I get a lot of good information from Girls From Alcyone author Cary Caffrey. He posted this link and it floated across my Facebook feed. It’s a good article and definitely worth the read if you’re a writer who has ever dealt with doubt.
He was angry. She could see it. It frightened her.
His eyes flashed . His dark brows gathered and he seized her by the arm, jerking her from her feet. With a cry she fell. He loomed over her, his jaw clenched so tightly that his lips turned white under the pressure. His long fingers dug into her arm so hard she felt the bones bend under the pressure. Her heart pounded in her chest. Her mouth suddenly dry, her lips parted but no sound save a tiny squeak came out. Like a mouse, she squeaked. She cast about wildly as she struggled against him, looking for some safe place to hide.
There was none.
She wrenched herself free from his grasp and cowered in the corner. She gasped for breath and swallowed the scream that burbled up from deep inside her. With a slow, measured tread, he closed on her.
So what is the difference between the two? One is telling. The other is showing.
The purpose of writing fiction is two-fold. You write to tell a story and you write to evoke emotion in your reader. People read fiction for myriad reasons. Some read to escape. Some read to be entertained. Some read to experience vicariously something outside their norm. The stories that stand the test of time manipulate the reader’s emotions and provide some sort of catharsis in the end.
The ancient Greeks coined the term to describe the emotional release found at the resolution of a story. They believed it provided an emotional purification. Well-told stories, whether in a written or visual form, should provide some sort of fist pump reaction when the main character gets their reward or faces their tragedy at the end. There should be an emotional payoff for taking the journey with the character.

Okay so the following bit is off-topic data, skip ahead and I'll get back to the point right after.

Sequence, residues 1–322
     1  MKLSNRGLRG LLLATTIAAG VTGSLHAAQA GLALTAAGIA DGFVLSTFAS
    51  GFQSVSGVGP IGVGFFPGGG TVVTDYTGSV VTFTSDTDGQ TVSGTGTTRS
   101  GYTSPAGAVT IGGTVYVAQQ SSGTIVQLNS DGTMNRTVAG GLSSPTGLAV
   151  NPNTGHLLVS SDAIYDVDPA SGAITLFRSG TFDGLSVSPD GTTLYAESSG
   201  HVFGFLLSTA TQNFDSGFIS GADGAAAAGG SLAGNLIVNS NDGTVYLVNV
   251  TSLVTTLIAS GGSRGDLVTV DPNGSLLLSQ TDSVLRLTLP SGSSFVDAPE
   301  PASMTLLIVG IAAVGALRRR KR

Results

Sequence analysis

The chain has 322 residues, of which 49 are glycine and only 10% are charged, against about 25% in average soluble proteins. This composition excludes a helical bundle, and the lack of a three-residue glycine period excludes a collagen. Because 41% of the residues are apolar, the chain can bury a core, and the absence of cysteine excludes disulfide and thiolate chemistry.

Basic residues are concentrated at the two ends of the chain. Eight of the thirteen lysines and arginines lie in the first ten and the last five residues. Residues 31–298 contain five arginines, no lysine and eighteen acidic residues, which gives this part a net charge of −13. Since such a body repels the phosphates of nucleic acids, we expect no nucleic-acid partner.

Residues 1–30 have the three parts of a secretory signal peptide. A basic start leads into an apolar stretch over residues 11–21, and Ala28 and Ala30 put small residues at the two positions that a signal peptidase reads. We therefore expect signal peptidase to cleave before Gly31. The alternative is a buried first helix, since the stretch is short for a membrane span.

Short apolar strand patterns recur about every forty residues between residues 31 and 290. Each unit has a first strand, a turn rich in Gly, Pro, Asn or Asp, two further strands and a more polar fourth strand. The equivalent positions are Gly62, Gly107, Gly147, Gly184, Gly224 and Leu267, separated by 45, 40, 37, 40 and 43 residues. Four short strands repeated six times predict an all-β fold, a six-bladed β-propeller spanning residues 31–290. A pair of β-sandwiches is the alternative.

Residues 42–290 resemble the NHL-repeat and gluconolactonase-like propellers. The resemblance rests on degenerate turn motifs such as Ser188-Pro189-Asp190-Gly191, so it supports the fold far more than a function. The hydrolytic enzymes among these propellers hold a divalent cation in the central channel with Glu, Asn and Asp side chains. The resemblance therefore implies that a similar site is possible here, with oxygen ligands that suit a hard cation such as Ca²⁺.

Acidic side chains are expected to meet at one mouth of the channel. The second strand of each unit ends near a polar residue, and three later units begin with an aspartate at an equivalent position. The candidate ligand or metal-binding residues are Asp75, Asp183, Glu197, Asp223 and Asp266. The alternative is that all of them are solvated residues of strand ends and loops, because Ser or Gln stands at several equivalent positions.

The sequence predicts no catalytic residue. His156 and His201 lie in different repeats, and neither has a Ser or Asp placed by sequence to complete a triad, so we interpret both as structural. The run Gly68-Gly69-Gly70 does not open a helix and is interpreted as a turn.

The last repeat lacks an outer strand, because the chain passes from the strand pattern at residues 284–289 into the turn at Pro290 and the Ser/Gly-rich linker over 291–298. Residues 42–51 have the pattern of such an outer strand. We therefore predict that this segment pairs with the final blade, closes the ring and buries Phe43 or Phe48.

To reach this emotional payoff, the writer must engage the reader in the action of the story in such a way that the reader’s heart beats faster when the main character’s does. The reader laughs when the main character does. In short, the reader must slough off his or her self for a while and slip into the incorporeal body of the point of view character. Before the reader can inhabit the mind and body of the point of view character, the writer must first possess the point of view character and travel the story within his or her consciousness.
From there, it’s only a matter of taking dictation.
What does the character see? Describe it in detail. What does the character smell? Describe it in detail. What does the character hear? Describe it in detail. What does the character taste? Describe it in detail. What does the character feel? Describe it in detail. In short, engage as many of the five senses as possible as filtered through the point of view character. This means including physical reactions to the outside stimuli.
Let’s put that another way. When you open a plastic food container that’s been in the back of the refrigerator for months, you may describe it this way:
I reluctantly opened the container. The smell nauseated me. It looked disgusting. I shook my head and threw it away.
Now you’re saying to yourself that I engaged the senses. What of it?
Try this on for size:
I slowly lifted the lid on the container, holding it away from my face. Unfortunately, my arms weren’t long enough to hold the smell at bay. The rancid odor hit my nose with all the force of a Mack truck. Putrid smells of decaying matter and growing mold twisted my stomach in knots. Bile rose in my throat along with that familiar pre-vomit salty taste. My mouth watered. The first spasm hit me and I gagged. I raced for the trash can, replacing the lid as I went, cutting off the fresh assault on my senses. Shaking my head, I tossed the whole container into the trash. It wasn’t worth trying to salvage that tiny scrap of plastic. It could rot for eternity in a landfill for all I cared…as long as I didn’t have to endure that biohazard any more.
The difference between the two is that you as the reader merely watched the first event. You as the reader experienced the second event.
You cheated! You used first person. Of course the reader experienced the event!